The origins of the fruit are much easier to grasp. Tangerine trees were grown extensively in China and Japan before being introduced to Europe and then America.

In China tangerines are a symbol of happiness and prosperity and are given at weddings and at the Lunar New Year, preferably with a couple of leaves still attached.

Popular as the fruit is in the UK, another generation of Brits are facing the same problem as those brought up on tangerines, with the satsuma under threat.


Britain is the world's biggest importer of satsumas but because their popularity is waning in other countries growers are considering more profitable options. Over the last 10 years production has fallen and there are now less than a third of the satsuma orchards there were in 1994.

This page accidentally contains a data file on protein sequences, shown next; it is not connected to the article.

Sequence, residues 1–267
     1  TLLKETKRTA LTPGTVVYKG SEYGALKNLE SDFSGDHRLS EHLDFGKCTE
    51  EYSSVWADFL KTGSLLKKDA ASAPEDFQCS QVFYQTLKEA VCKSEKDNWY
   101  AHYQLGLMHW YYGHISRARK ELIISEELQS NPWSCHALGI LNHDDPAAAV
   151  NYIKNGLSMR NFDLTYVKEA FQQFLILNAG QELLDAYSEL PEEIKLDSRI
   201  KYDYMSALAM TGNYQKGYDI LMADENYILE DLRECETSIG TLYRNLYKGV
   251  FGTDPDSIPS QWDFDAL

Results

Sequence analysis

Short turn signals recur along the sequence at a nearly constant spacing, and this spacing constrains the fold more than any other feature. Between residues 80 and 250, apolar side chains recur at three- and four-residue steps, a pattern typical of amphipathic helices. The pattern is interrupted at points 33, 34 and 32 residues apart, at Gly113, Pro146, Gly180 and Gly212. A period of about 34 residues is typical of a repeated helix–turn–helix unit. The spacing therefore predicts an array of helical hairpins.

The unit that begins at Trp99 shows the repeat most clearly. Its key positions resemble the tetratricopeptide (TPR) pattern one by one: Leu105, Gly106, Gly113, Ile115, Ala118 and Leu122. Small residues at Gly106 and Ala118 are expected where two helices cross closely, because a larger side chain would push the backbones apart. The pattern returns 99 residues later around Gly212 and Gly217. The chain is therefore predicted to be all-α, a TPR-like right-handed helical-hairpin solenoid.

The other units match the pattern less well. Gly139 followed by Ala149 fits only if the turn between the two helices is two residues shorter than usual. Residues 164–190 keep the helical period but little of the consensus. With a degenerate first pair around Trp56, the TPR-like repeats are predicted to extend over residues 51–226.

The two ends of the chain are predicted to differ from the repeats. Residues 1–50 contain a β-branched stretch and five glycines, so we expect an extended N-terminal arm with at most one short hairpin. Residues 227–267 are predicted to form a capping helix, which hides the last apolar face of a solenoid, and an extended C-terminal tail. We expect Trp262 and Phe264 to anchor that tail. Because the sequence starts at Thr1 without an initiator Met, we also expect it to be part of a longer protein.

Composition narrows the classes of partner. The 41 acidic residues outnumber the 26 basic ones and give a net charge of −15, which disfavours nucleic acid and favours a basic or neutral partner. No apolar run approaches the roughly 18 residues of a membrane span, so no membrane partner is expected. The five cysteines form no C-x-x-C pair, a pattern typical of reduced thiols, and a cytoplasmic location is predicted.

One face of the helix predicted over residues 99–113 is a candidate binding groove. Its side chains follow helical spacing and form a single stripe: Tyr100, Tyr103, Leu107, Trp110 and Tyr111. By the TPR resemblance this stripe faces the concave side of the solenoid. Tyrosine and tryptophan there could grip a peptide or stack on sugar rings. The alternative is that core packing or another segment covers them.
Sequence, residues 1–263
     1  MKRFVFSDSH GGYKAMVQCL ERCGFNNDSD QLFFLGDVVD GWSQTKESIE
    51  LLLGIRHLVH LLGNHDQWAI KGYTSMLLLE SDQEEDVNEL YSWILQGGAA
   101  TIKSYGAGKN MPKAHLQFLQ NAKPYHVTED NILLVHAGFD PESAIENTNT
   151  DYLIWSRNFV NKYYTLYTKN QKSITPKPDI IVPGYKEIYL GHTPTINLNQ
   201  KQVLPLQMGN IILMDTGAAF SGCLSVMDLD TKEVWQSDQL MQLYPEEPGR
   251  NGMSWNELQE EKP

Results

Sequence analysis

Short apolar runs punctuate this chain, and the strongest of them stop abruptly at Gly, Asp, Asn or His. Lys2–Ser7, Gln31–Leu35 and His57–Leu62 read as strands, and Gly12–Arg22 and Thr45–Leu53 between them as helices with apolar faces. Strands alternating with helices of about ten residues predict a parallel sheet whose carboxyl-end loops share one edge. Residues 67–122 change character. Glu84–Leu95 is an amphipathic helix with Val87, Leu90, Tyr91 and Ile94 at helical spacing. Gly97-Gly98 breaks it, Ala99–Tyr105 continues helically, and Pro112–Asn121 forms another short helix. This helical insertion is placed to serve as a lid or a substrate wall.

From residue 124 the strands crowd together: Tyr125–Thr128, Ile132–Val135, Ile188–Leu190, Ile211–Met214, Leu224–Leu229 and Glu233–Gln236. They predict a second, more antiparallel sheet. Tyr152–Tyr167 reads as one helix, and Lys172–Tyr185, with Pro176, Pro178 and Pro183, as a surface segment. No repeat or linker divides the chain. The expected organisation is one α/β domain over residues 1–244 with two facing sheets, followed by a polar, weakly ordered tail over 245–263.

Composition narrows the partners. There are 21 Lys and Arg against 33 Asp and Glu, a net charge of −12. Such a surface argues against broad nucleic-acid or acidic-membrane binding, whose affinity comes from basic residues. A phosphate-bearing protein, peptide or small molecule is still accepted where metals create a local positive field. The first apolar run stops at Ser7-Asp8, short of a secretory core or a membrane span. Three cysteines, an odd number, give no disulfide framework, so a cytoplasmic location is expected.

In a bid to save the fruit for future generations Tesco is mounting a Save Our Satsumas campaign. It is speaking to its suppliers to ask them to continue growing satsumas and explain their huge popularity with UK shoppers.

"Satsumas have come as a godsend to parents through the ages who often struggle to get their children to eat enough fruit," says Tesco produce category manager Tim Lee.

"For that reason satsumas are one of the first fruits parents will introduce to their children so kids have fond memories of them."

Add your comments on this story, using the form below.

The biggest change I have noticed is not the move from tangerines to mandarins or satsumas but the year-round availability of such fruit. I remember as a child in the 60's & 70's seeing the arrival of satsumas on the supermarket shelves as one of the first signs that Christmas was approaching.
Jim, Slough, UK

I am working in Tbilisi Georgia and the amount of tangerines here is phenomenal,they are sold in markets and even at small stalls at the side off the road and garages when you stop for fuel. They are small sweet and tasty and totally natural. They grow in profusion everywhere.
Alan Matthews, Johnstone,Renfrewshire,Scotland.